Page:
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I have an interesting problem I'm trying to solve. I have a JumpBox server that I have in order to securely ssh into client's servers. This is the only server my clients ever open up port 22 to. However, this JumpBox server is very small and does not have enough space to hold large files (bigger than 5GB).

So, I've set up another server with larger disks for this purpose, but I don't want the clients to then have to open up port 22 to yet another IP address.

Server T = Transferbox

Server J = Jumpbox

Server C = Clientbox

From Server J, can I transfer a file on Server T to Server C?

Thanks, and let me know if I need to clarify anything

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If you want to get sketchy with it, you could do a series of cat and redirects for stdin/out across these servers to, using something like (ssh t-user@t-server -c "cat /some/file") | (cat c-user@c-server -c "cat - > /path/to/new/copy/of/file") – andyortlieb Sep 13 '11 at 19:54
up vote 1 down vote accepted

Sadly scp does not currently support this. But you could use sshfs on J, mount T and C and then copy (using cp) on J from mountpoint T to mountpoint C.

If you combine autofs and sshfs the way that /net (with an executable automount-map) works you propably will get a working automatic solution.

I`ve seen a sshfs solution for CentOS using fuse somewhere.

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Nils, this worked perfectly and was exactly what I needed. Here is the page I used to set this up:… FYI - This solution works well in this situation for a few reason. 1) I am only trying to push files to clients. They do not have access to these servers. 2) The purpose of the JumpBox is to be ultimately secure. It does not allow password authentication. If it did, I would just use it to transfer files. This allows me to have a server that has password authentication where I can move files around. Thanks! – DrewVS Sep 14 '11 at 18:46
Interesting link. The solution looks like the authors dont trust fuse too much - this might be another reason to run it via autofs. Then you dont need the special fuse-group mentioned. – Nils Sep 14 '11 at 20:52

From "T", you should open up an ssh tunnel on "J" that forwards to SSH on "C". From there you can hop through J from T to do anything on C via SSH. See SSH Tunneling Made Easy for more information

So from your "T" server, you might do something like this:

ssh -f J-user@addr-of-J-server -L 2000:addr-of-C-server:22 -N

ssh C-user@localhost -p 2000
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On host where you need data just open port say 22222 for tcp connections from host that will be sending data.

on host receiving data you can use something like

$ nc -l -p 22222 | tar xf -

and on host sending the data once listener above is in place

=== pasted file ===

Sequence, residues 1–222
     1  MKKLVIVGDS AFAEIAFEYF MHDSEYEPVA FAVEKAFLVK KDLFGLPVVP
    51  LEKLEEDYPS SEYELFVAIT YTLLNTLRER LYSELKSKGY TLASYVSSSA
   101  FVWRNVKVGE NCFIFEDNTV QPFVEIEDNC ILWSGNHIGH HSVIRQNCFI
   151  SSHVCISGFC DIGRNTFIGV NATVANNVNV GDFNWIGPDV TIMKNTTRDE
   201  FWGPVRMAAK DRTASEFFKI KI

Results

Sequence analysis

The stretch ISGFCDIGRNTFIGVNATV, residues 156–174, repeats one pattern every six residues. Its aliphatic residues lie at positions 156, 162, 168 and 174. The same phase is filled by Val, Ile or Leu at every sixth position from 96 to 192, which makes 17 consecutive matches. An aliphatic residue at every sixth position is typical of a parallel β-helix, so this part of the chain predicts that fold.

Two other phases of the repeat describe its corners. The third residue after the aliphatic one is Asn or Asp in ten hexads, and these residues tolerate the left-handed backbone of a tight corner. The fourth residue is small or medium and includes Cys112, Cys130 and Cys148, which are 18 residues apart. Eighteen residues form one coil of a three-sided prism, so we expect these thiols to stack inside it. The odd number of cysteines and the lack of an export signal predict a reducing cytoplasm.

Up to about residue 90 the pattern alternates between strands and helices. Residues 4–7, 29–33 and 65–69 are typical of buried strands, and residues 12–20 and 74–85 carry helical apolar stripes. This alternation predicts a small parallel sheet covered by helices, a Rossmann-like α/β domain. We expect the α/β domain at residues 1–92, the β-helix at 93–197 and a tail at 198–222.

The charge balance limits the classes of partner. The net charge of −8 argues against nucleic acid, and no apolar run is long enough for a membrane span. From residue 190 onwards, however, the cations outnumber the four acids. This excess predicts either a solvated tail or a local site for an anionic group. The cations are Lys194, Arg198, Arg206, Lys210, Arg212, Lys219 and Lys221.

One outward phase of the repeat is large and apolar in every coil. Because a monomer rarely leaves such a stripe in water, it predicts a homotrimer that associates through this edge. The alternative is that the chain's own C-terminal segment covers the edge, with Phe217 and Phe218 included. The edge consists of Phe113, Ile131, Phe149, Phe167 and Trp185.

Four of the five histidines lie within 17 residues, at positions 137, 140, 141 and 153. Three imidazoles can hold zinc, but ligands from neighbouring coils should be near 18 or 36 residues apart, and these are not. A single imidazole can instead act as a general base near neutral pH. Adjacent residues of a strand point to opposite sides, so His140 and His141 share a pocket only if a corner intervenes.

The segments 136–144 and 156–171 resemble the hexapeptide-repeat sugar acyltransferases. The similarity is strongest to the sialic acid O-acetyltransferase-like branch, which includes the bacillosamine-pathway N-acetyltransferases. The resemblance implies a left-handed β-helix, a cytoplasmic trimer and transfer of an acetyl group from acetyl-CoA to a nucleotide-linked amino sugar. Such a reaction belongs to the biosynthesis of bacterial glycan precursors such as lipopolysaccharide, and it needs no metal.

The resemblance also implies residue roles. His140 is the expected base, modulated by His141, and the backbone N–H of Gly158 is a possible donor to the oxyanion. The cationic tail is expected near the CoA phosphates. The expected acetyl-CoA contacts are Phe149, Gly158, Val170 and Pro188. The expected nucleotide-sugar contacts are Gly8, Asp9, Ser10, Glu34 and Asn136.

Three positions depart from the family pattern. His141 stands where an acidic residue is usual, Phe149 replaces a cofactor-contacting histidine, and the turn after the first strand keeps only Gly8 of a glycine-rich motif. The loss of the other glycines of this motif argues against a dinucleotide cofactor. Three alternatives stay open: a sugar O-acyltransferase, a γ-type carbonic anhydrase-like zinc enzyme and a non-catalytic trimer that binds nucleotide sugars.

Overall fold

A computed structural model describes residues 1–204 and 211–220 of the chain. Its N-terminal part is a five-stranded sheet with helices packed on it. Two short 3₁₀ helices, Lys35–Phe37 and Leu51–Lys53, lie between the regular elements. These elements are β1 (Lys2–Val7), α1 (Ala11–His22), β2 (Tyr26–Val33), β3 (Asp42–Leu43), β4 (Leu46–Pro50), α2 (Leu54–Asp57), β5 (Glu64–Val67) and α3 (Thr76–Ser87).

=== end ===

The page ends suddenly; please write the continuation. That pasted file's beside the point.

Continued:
$ tar cf - files directories | nc -w1 2222

once data is transfered simply close the firewall hole; of if you're afraid you might forget to close it you can open it for say 30 min with something like

# (iptables -I INPUT -p tcp -s --dport 22222 -j ACCEPT; sleep 30m;iptables -D INPUT -p tcp -s --dport 22222 -j ACCEPT) &

If you are worried about someone snooping your data; you can use cryptcat rather than netcat (nc) .

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Though I ultimately went the sshfs route, this was my second solution. Clever user of sleep. I should have thought of that. – DrewVS Sep 14 '11 at 18:50

Why don't use you the split, tar, or zip utilities to gather your files into smaller pieces, and then transfer each piece individually through J. When all the pieces are on C, just expand the tar/zip archive.

Your other option would be to create a VPN of some kind between T and J. You can then try mounting a file share/export from T like it's a local file system (NFS, FUSE, etc.).

The other options is to have your clients SSH into J and set up a tunnel (-L, -R), and then from J allow them to log into T. So they create a tunnel C->J->T, and on T have a file transfer system available (FTP, HTTP). The SSH tunnelling will send the packets around as needed.

Your best solution will be to get more resources on your JumpBox. If your clients are giving you money you should invest some of it into proper infrastructure so you/they don't have to waste time jumping through hoops.

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I kind of got the impression that he was going to push the files to his clients. Also, it's not unreasonable to have a locked down dedicated SSH server, given certain security policies. However if clients are coming in to grab files, then I would tend to agree, mounting a remote filesystem or synchronizing a mirror on J may be preferable. – andyortlieb Sep 13 '11 at 20:01
That breaking files into smaller pieces idea is bonkers though ;) – andyortlieb Sep 13 '11 at 20:01
As andyyortlieb says, I'm looking to push files to client, and not vice versa. Thanks for the suggestion though. – DrewVS Sep 14 '11 at 18:45

An historical note, this is precisely the type of situation that FTP Protocol Passive mode was created for. However, being that the account information is sent in cleartext, it is far less likely to be used anymore.

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Interesting, but better off as a comment instead of an answer. – gravyface Sep 13 '11 at 20:45

Simpiest way here is to mount server T's drive on jumpbox using nfs or sshfs: Not sure if you want to keep permissions, but I believe you can even mount sshfs folder on users' login.

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